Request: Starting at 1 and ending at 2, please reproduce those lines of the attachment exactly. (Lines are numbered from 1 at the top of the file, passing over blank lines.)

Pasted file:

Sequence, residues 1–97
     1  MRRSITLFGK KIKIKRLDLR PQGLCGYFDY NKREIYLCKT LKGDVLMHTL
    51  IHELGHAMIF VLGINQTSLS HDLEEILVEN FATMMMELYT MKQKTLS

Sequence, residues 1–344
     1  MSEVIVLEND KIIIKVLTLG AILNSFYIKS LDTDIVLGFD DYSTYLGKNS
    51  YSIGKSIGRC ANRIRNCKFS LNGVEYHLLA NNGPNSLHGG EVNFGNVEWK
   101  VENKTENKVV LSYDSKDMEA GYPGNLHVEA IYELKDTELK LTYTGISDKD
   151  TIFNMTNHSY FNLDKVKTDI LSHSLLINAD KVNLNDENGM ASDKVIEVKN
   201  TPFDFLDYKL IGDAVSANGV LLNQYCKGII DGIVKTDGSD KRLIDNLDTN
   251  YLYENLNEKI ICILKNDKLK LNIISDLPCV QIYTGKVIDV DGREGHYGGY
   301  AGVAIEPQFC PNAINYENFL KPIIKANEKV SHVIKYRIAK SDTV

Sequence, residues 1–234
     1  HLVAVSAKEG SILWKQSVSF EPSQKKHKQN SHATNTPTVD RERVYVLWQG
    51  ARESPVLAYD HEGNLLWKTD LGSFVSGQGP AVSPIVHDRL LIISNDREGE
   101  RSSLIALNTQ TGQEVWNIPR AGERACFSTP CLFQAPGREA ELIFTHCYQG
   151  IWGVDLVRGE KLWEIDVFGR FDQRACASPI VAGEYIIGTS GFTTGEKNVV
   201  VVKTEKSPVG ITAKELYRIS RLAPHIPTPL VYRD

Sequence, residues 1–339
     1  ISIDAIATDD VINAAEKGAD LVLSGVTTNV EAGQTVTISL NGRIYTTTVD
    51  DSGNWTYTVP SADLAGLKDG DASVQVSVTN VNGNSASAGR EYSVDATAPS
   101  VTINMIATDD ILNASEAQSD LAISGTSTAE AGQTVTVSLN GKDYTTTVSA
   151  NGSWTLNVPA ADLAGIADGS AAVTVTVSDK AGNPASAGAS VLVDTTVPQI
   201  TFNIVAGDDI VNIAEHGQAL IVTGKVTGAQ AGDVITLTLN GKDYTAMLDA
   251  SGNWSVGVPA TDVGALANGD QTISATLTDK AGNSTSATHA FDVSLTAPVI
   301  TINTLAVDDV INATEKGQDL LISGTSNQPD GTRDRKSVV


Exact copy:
Sequence, residues 1–97
     1  MRRSITLFGK KIKIKRLDLR PQGLCGYFDY NKREIYLCKT LKGDVLMHTL